Fear and Loitering in Mexico: The Significance of Age Structure, Education, and Youth Unemployment for Explaining Sub-National Variation in Violent Youth Crime
40 Pages Posted: 5 Jan 2017
Date Written: February 2013
Violent crime in Mexico occurs at a rate that dwarf the human costs of most contemporary civil wars, and the drug cartels responsible for the violence exercise de facto control over significant geographical territories. In this respect, the Mexican ‘drug wars’ resemble conflicts over the control of rich natural resources in Sub-Saharan Africa and elsewhere, blurring the distinction between ‘political’ and ‘social’ or ‘criminal’ violence. In the civil war literature, the ‘opportunity perspective’ emphasizes conditions that provide opportunities for a rebel group to wage war against a government. Similarly, relatively large groups of ‘idle’ young men could arguably be a factor that reduces recruitment costs for criminal enterprises through the abundant supply of youth with low opportunity cost. Acknowledging organized crime around drugs trafficking as a major cause of crime and violence in Mexico, we ask whether the availability of large young male cohorts, or male ‘youth bulges’, low education, and high youth unemployment eases recruitment to these organizations and may contribute to explain variance in violent crime across Mexican states over time. Using panel data covering 32 states in Mexico during the 1997–2010 period, we find that while a coarse measure of regional youth bulges does not explain patterns of violent youth crime, high youth unemployment in low-education strata does, and in particular in the context of large male youth bulges. These results remain robust to alternative data, sample size, estimation techniques and controls for potential endogeneity concerns.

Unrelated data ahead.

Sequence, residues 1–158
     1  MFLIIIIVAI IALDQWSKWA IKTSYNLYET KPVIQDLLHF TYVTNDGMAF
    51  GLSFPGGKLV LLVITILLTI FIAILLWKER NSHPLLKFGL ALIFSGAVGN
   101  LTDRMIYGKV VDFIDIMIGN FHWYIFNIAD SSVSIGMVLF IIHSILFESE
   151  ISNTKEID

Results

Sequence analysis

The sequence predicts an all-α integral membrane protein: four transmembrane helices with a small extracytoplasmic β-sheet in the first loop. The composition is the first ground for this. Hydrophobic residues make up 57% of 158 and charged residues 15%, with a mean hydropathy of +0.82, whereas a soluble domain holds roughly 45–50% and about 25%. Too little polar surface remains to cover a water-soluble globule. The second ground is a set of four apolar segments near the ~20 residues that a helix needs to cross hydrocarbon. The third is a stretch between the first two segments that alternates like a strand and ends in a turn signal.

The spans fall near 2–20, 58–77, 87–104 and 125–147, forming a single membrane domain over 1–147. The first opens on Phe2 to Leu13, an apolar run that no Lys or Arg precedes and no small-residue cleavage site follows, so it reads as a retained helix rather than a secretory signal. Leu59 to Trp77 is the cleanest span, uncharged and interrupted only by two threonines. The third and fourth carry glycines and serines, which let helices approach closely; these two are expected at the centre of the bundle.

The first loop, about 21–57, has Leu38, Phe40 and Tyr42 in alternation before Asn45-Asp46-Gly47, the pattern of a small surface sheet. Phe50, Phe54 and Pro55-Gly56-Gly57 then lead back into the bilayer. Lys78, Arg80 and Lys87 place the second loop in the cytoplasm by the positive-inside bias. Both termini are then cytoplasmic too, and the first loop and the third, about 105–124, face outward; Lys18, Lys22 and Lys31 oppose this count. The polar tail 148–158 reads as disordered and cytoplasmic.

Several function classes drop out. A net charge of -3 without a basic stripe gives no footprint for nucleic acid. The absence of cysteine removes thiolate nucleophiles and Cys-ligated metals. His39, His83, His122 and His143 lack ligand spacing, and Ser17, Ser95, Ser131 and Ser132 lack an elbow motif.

Keywords: youth bulge, education, unemployment, violent crime, Mexico
Suggested Citation: Suggested Citation